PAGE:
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Space science, tech can make difference

By BEENE MABBOLOBBOLO
SOME days before the June 21 celestial spectacle that had millions of people in Southern Africa looking skyward the University of Zambia (Unza), with Cosmos Education, hosted a three-day conference.
Its theme was ‘Under African Skies’ and the subjects were focused on space, science and technology.
It was the first of its kind on African soil dedicated to discussing space science technology, applications and benefits, and the introduction or promotion of space science in schools and colleges.
Students and teachers from around the world gathered in Lusaka to mark the first solar eclipse of the Millennium at the unprecedented educational summit.
Minister of Science and Technology Valentine Kayope who opened the conference said the importance of space and technology could not be overemphasise as it contributed to the development of any nation by providing the technology. He said the .promotion of teaching of science and technology in schools as in line with Government’s policy on science and technology.
“Efforts by Cosmos Education to bring up awareness of space and technology are welcome and we would appreciate if you and other scientists in Africa and, in particular, Zambia cement the link that you have established with Cosmo Education,” he said.
Cosmos Education,. a non-govenmental charitable educational institution from the United States took advantage of the .June 21 total solar eclipse that cut across a swathe of Zambia and other Southern African countries to address issues of science and technology education in developing countries.
“What better way to excite students about their earth and to explore the rich scientific, and :cultural heritage in Africa than this celestial event,’’ said conference organiser and president of Cosmos Education Kevin Hand.
Although the eclipse covered a number of towns from Angola to Madagascar Lusaka as the only city in the path of totality.
The conference was the centrepiece of a five-week project bringing together African and Western science teachers to discuss with African school children the benefits and costs of science to roughly 750 students across South Africa and Zimbabwe.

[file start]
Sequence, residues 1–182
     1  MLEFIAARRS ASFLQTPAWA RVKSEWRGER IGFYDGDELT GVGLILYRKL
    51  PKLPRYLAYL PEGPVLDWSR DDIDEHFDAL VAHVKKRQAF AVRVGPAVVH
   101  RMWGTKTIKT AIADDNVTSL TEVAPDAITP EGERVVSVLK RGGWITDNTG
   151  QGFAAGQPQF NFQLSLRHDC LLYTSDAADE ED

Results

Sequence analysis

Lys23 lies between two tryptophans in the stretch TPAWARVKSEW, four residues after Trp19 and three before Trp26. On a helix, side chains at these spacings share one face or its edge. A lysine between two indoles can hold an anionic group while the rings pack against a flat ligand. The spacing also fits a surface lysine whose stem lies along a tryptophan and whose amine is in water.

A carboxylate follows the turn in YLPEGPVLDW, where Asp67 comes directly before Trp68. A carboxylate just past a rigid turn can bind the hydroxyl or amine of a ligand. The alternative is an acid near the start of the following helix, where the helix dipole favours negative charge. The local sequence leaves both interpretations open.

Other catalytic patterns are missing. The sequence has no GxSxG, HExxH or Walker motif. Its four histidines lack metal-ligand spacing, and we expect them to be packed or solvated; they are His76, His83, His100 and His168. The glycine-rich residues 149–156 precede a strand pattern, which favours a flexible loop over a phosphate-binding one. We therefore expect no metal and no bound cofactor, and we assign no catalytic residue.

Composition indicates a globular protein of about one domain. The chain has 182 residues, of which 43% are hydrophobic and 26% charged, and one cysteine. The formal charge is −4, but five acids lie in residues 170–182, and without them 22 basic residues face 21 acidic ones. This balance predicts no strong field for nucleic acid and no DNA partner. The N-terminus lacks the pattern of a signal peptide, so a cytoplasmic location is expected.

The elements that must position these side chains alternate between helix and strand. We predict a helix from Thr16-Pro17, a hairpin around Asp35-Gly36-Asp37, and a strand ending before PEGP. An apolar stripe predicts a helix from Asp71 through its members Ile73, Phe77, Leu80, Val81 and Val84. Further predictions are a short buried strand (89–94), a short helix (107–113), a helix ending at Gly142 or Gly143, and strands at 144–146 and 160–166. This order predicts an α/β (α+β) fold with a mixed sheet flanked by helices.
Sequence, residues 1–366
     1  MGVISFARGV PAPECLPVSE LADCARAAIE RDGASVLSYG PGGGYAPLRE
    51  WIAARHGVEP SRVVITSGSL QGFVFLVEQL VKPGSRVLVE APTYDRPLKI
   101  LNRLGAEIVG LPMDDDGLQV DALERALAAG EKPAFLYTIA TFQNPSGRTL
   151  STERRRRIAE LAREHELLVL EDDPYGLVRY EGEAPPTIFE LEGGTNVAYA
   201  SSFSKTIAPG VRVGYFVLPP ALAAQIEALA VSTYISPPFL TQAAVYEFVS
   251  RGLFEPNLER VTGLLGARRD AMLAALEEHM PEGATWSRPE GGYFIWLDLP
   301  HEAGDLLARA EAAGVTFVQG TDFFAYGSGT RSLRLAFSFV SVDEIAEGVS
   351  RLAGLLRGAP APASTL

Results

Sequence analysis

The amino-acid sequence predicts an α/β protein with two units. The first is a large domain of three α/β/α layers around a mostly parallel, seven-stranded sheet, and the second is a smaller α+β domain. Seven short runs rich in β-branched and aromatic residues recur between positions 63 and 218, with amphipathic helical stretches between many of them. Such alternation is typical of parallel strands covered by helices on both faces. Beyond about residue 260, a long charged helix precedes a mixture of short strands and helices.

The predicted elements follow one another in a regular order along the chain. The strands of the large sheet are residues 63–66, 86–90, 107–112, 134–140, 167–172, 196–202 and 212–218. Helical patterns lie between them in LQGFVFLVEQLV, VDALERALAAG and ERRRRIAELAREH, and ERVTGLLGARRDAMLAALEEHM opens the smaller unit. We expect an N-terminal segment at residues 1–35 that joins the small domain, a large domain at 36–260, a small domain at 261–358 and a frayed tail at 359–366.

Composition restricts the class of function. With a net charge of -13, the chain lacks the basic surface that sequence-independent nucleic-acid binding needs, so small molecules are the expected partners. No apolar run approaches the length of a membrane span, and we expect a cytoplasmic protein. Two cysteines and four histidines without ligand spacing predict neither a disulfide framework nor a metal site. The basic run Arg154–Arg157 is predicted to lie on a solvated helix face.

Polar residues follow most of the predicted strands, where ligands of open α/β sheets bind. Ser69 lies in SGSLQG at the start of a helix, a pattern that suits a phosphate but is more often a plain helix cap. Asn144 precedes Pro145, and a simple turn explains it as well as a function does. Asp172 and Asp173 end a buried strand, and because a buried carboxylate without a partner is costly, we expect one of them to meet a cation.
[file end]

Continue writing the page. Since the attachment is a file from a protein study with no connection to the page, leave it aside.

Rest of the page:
Unza students and secondary school pupils shared this experience by attending special sessions devoted to them during the conference.
South African Astronomical Observatory graduate Benjamin Moalusi, session chairperson at thc conference noted that the meeting was unique in that it brought together secondary and university students, African and Western scientists and humanists.
Also discussed were recent advances in astronomy, which included a presentation titled ‘ Meteorite Impact Craters on the Earth’ by Austrian University of Vienna professor Christian Koerbel.
The meeting also discussed life in the universe and the role of the space technology in environment monitoring, which included hands-on interactive education sessions for students in secondary schools and universities.
One of the main focuses of the conference was the peaceful uses of outer space such as remote sensing and communication and how those applications can work for development of Africa.
A major sponsor of the conference was United Nations Office for Outer Space Affairs.
The office was initially created as a small expert unit within the secretariat to serve the ad-hoc committee on the peaceful uses of outer space established by the General Assembly in 1958.
The office implements the decisions of the General Assembly and of the committee on the peaceful users of outer space and its two sub committees, the sciences and the legal sub-committee.
The committee on the peaceful uses of outer space was established in 1959 to review the scope of international cooperation in peaceful uses of outer space, to advise on programmes in this field under United Nations auspices, to encourage continued research and the dissemination of information on outer space, and to resolve legal problems arising from the exploration of outer space.
The office not only supports these inter-governmental meetings and assists developing countries in using space science technology for development, but also provided secretarial services to the three United Nations conferences on the exploration and peaceful uses of outer space which were held in Vienna, Austria in 1968, 1982 and July 1999.
Other sponsors included The Planetary Society, The British Space, Lockheed Martin Space Operation, The Tillenius Fund of the Schwab Charitable Trust, Yuri’s Night and The Musk Foundation.

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